Reference: Greenwood, Val D. “Surveying, Analyzing, and Planning.” In The Researcher’s Guide to American Genealogy, 4th ed., 57-78. Baltimore: Genealogical Publishing, 2017.
I was not introduced to the concept of formal research plans until I was in a ProGen Study Group. Although the author mentions the ProGen approach is different, we still followed the same steps of setting a goal, identifying what we already know, conducting a preliminary search, and identifying sources to search. The main difference is our plan was written in a more formal style, as we were learning to write on a more professional level.
For my ProGen assignment, I focused on Joseph Horton, who I discussed in the Chapter 2 homework. (You may be tired of hearing about my Horton clan before long, but that's who I have spent all of my research and writing time on for the last nine months!) Writing out the formal research plan helped me focus on specific documents to search. The first part of the plan, listing my research goal, background information, and known facts:
Goal: Determine where Joseph Horton lived before he moved to Knox (later Roane) County, Tennessee
Background: Joseph Horton died testate in Roane County, Tennessee in 1813. Based on the year one of his daughters married (1800), Joseph was likely born before 1765 in some place other than eastern Tennessee. Based on migration patterns into East Tennessee, it is possible that Joseph lived in the Shenandoah Valley of Virginia or in western North Carolina prior to coming to Knox County. Determining where he lived before he came to Tennessee may help me identify his parents, wife’s maiden name, and other relatives.
- Signed petition in Knox County in 1799
- Listed as a resident of Roane County in 1802
- Died testate about 1813
- Named following heirs in his will:
o Mary Horton, wife
o James, youngest son
o Joseph, son of James
o Hannah Terry, daughter
o John Horton, son
o Polly Gladden, daughter
o Nancy Cooner, daughter
o Heirs of William Horton, son
o Sally Coulter, daughter
o Rebecca Burk, daughter (m. Robert Burke, 1802, Roane County)
o Peggy Breshear, daughter (m. Bazil Brashear, 1800, Knox County)
o Phebe Walker, daughter (m. William Walker, 1802, Roane County)
Alternate Spellings: Hortin, Whorton, Whortin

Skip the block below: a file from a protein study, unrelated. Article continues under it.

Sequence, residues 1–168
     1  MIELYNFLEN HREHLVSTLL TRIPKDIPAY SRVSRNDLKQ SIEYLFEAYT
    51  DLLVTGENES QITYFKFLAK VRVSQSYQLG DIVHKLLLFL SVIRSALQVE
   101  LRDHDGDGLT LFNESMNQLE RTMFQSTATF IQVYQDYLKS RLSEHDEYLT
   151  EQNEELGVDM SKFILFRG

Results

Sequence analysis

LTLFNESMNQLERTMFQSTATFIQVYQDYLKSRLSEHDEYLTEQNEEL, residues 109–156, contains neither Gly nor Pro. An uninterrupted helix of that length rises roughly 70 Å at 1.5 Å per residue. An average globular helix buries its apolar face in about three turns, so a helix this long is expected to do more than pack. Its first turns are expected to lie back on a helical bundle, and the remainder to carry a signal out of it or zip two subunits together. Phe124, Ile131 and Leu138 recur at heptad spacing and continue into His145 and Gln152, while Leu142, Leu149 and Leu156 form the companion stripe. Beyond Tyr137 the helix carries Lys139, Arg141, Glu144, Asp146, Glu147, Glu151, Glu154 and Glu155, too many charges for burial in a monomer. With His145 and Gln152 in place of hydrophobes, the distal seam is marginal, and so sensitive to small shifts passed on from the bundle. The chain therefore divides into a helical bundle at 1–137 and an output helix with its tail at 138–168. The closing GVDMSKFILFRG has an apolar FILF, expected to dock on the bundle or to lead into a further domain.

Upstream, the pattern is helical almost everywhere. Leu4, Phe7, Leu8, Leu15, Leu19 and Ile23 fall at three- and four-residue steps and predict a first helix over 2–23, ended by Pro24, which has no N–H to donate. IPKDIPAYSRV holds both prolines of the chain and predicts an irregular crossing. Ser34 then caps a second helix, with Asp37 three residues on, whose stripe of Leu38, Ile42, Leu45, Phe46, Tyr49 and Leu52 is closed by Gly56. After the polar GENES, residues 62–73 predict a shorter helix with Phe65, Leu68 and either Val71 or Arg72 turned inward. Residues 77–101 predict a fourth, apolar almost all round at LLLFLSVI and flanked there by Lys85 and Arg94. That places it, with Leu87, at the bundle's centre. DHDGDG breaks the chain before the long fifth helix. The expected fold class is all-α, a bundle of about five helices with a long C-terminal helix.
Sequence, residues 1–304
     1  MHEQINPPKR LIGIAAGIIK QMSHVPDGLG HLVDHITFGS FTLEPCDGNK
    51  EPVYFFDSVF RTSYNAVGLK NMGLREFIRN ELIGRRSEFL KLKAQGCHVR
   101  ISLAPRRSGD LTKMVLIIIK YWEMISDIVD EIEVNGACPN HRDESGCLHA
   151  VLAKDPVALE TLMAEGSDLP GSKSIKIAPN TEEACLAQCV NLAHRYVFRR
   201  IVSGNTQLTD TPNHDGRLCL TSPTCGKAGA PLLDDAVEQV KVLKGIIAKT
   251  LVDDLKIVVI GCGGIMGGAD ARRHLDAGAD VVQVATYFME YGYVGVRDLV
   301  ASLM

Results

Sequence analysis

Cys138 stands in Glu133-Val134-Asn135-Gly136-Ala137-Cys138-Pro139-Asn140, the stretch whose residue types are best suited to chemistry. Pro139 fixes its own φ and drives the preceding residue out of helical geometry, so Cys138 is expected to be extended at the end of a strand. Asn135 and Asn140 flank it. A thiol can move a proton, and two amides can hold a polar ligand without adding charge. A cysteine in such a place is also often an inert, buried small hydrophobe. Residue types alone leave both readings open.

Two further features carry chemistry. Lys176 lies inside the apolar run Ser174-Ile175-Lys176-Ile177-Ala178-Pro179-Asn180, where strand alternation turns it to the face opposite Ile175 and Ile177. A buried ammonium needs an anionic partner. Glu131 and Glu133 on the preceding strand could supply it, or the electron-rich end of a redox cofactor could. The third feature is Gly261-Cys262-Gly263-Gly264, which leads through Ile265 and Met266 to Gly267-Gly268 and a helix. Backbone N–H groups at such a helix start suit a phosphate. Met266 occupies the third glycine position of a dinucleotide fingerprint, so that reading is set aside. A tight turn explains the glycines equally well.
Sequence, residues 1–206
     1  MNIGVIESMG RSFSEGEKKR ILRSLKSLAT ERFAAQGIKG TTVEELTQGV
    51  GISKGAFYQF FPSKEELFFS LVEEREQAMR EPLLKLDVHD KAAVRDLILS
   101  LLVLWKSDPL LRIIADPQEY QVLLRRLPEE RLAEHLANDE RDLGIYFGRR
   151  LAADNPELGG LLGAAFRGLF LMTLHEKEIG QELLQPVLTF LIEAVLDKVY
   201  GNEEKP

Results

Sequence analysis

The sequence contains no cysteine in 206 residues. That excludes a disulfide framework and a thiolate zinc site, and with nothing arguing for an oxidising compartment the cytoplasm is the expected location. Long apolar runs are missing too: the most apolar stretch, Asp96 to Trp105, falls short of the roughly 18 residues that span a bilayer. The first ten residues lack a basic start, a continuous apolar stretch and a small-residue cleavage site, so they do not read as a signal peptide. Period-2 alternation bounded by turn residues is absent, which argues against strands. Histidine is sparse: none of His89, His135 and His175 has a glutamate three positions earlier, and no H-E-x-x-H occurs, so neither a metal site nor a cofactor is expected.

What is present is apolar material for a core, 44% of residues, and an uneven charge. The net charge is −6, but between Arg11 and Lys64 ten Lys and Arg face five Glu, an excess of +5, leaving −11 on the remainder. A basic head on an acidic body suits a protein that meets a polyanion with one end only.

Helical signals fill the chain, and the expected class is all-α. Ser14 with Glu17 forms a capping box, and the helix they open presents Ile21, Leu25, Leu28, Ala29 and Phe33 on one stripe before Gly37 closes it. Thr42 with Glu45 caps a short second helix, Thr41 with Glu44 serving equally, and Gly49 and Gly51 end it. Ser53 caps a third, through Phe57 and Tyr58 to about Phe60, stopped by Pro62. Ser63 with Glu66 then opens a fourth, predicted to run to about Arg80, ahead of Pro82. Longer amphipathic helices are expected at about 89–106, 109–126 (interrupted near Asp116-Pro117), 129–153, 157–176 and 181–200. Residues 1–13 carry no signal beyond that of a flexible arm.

The sources I want to search are then listed in a table with columns for what, why and where.
Without replicating the table, I’ll hit some of the highlights that relate to this chapter:
- Because Roane County was formed from Knox County in 1801, and a Joseph Horton signed the petition to create Roane County, my research plan needs to include relevant sources from Knox County.
- Knowing that the 1830 census is the earliest surviving census for Knox and Roane Counties helped me focus my search on other relevant records from the time Joseph was in East Tennessee.
- Deed records, Knox County: Joseph owned land in Roane County, but the deed from when he purchased the land was not filed in Roane County. It’s quite possible he purchased the land when it was still part of Knox County.
- Deeds, Greene and Hawkins County: Parent counties of Knox. To be considered if no deeds for Joseph Horton are found in Knox County.
- 1850 and 1860 census, Roane and Knox County: Search for Joseph’s children to get approximate birth years and place(s).
- Hamilton District Superior Court included both Knox and Roane Counties during its existence from 1793-1809. These court records need to be searched for any Hortons and related surnames. A searchable index is available at http://www.knoxlib.org/local-family-history/historical-resources-z/hamilton-district-superior-court-1793-1809.
The research plan is an “organic” document, meaning it is revised as I go along. As I look at each record, I record the results in the research plan. (I’m terrible at keeping a research log, so this serves that purpose, as well as documents why I wanted to look at a particular record set). I also update the plan if new evidence suggests new jurisdictions or documents to consider.
I’ve found that creating and following a research plan is extremely helpful, especially with thorny research problems that are not easily solved. I’ve used the planning techniques I learned in ProGen on several other complex problems, and although the questions haven’t been fully answered yet, I am making progress.